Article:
Dog Noses- Subjective or Objective Evidence? - Utah Wildlife Network

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Old 01-31-2020, 08:31 AM   #1 (permalink)
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Default Dog Noses- Subjective or Objective Evidence?

I read the upland lab thread and it got me to thinking and doing some research because I truly didn't know and wanted to find out.

I don't want this to become a Ford vs Chevy debate, or really a debate on the finer points of spelling on Drathaar. (Intentionally misspelled- btw).

I realize that all dogs noses aren't the same, even within the same breed.

We all hear about the merits of pointers having the best noses, GSP, Wirehair, Pudelpointer, etc. I don't disagree with those findings.

It did get me to thinking that I haven't seen any of those dogs in airports as bomb sniffing, banned food, drug, etc.

Many K-9 units are Belgian Malinois, German Shepherd, and some drug dogs are labs. I've seen a lot of beagles at customs looking for banned substances. There are cadaver dogs that can smell human remains 15 feet below the ground. Many of those are labs and other breeds.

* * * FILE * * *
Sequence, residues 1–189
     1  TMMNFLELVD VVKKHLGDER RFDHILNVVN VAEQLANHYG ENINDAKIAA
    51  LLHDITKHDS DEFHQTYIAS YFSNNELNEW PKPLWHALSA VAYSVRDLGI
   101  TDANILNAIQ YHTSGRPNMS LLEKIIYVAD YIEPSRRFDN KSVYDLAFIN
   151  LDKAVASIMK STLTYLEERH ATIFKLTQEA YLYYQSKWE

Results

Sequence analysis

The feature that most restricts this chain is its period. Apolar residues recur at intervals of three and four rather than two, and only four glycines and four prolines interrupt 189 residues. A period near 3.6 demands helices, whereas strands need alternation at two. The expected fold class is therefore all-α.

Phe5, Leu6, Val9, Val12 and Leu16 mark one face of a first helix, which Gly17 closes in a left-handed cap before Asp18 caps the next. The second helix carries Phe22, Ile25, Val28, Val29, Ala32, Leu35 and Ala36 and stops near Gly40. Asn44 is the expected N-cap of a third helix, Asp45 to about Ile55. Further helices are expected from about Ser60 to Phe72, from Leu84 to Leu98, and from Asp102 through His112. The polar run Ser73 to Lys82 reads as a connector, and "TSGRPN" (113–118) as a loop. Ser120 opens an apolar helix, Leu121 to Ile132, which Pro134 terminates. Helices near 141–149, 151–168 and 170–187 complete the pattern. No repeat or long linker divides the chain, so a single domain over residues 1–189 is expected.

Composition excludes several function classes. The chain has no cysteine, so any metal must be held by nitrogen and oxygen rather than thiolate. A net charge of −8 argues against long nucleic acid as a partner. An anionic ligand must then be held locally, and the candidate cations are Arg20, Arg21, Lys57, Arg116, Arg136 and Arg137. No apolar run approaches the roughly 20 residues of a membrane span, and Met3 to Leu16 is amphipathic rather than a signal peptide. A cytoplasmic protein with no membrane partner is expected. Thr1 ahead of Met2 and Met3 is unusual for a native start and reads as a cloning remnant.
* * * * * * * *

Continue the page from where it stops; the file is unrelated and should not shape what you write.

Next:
Bloodhounds have the most sensative noses according to what I have researched. One article says labs are #4 on the scale, but I've also seen labs run right over birds that pointers found. So, there's going to be fluctuation between breeds.

Is it hunting style that would make one assume that a nose is better? Is it training and working with the dog? Some dogs are better than others. Some have more drive. Others don't have the heart to get into the weeds and brush to find birds. Some have noses that don't need to get into the nasty stuff till they smell one.